Due to the large sample size, this study might have detected a minimal difference in the GFR slope. However, most of the significantly different risk factors observed in this study had a difference of -0.10 mL/min/1.73 m2 from the mean slope. Considering that the mean slope was -0.39, the presence of multiple factors could lead to a clinically significant loss of kidney function. Furthermore, risk factors that increased in association with older age might become more important over time, which is shown in Figure 2.
Strengths and limitations
More than 50,000 Japanese people aged 40 to 80 years or older participated in this study. The participants may not be different from the typical Japanese population. The mean eGFR slope in the study population was -0.39 mL/min/1.73 m2 per year, which was almost the same as that reported in a nationwide study in Japan . Furthermore, the wide range of characteristics may contribute to the generalizability of the results.
Another strength of this study was the inclusion of >8,000 participants aged ≥80 years. Old-age populations are usually not stratified because of either their limited number or they are not the target population. The population of people aged ≥80 years is increasing worldwide . The results of this study provide basic information about the risk factors of loss of kidney function in older people. Interventional trials, including those comprising people of this age group, are warranted to validate the results of this study.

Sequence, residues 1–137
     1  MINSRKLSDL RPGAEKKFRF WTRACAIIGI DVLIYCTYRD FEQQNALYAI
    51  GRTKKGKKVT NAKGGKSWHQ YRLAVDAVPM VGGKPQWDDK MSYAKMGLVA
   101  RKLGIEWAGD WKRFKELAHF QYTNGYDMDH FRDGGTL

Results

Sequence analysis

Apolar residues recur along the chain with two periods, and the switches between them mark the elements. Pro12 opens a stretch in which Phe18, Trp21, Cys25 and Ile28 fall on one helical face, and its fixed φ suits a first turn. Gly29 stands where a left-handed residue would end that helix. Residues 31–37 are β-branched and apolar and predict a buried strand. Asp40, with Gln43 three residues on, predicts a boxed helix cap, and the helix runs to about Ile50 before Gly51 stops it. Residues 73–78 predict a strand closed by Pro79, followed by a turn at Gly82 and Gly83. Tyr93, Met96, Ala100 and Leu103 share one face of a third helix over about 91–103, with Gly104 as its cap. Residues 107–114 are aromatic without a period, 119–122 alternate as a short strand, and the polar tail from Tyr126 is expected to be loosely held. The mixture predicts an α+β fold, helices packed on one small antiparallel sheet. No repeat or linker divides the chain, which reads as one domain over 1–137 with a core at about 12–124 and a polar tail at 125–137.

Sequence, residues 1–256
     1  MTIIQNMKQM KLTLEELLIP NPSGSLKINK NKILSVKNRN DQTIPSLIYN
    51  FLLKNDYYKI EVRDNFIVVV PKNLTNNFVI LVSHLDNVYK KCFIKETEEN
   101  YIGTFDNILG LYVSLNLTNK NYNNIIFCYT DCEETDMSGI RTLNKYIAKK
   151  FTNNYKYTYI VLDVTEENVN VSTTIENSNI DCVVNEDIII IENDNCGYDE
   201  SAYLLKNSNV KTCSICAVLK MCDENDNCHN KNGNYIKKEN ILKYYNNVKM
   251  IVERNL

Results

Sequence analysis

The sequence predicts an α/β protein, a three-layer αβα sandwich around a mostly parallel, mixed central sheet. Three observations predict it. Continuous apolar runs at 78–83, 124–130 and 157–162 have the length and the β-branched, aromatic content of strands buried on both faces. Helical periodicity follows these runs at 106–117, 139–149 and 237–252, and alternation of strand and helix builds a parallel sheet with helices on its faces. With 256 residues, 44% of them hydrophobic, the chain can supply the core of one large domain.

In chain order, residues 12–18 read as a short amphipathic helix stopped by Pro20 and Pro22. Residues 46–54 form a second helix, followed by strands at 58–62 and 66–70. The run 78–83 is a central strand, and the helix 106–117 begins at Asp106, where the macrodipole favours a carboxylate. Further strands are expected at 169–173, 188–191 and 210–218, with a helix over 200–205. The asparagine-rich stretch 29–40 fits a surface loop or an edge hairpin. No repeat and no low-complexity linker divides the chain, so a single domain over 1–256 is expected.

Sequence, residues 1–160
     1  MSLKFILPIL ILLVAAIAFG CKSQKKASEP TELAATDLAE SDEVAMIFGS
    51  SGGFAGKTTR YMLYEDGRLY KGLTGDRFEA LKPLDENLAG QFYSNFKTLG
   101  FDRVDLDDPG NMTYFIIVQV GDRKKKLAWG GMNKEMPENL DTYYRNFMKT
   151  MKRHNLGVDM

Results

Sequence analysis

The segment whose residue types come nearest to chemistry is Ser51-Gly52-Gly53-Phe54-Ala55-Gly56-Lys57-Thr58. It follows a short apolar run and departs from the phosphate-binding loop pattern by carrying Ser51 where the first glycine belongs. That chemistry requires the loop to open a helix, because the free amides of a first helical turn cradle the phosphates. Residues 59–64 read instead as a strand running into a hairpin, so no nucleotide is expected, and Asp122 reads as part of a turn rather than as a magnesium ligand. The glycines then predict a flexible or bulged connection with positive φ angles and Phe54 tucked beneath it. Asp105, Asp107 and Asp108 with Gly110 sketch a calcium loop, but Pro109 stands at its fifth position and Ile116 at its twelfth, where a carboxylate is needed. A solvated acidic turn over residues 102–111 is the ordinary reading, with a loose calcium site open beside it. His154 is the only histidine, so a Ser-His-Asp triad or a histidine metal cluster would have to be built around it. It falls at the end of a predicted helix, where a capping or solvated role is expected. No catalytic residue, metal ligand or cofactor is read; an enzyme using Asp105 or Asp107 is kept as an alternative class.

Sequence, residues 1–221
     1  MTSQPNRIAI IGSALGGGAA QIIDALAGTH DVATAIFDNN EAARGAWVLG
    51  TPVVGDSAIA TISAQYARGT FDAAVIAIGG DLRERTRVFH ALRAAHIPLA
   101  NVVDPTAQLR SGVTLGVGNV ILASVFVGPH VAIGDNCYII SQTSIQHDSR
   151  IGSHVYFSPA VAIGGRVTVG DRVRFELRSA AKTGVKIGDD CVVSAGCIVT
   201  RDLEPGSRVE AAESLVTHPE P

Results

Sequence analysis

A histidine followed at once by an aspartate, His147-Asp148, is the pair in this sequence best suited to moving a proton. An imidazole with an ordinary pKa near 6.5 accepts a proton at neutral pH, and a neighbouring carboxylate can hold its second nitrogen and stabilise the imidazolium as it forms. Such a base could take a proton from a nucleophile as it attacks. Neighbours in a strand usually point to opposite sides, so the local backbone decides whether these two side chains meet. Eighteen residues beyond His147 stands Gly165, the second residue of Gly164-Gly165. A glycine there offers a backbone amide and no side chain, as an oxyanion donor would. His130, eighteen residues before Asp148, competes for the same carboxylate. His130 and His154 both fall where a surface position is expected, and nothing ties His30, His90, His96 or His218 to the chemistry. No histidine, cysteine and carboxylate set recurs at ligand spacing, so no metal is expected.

This study has several limitations. First, drug classes for the treatment of hypertension or diabetes mellitus were not considered in the analysis. Some medications, including angiotensin II receptor blockers or sodium-glucose cotransporter-2 inhibitors, may affect kidney function . Second, we did not investigate the underlying diseases of kidney dysfunction that might affect the progression of the disease. Possibly, primary diseases that were not examined in this study, such as polycystic kidney disease, might have had a significant impact on renal function . Furthermore, the high prevalence of kidney dysfunction and proteinuria in the elderly might indicate that the effects of disease-related treatments could not be fully adjusted. Third, smoking history was not included in the questionnaire. Because the questionnaire asked about the current smoking status at the time of examination, the risks related to smoking in older people may have been underestimated. Fourth, previous studies of kidney function have observed that annual changes in eGFR over a 3-year follow-up period can be used as a surrogate outcome for assessing the risk of ESKD, even in those with preserved kidney function [37, 38]; however, the short median follow-up period of 2.8 years in the youngest age group may affect the ability to detect changes in eGFR. Fifth, this study was not a cluster-randomized observational study, and the limited number of participants, especially those in their 40s, might have led to a selection bias toward those with health problems. Sixth, kidney dysfunction and proteinuria observed in the elderly might have been associated with all-cause and cardiovascular mortality , which could cause a bias towards attenuating a decline in kidney function.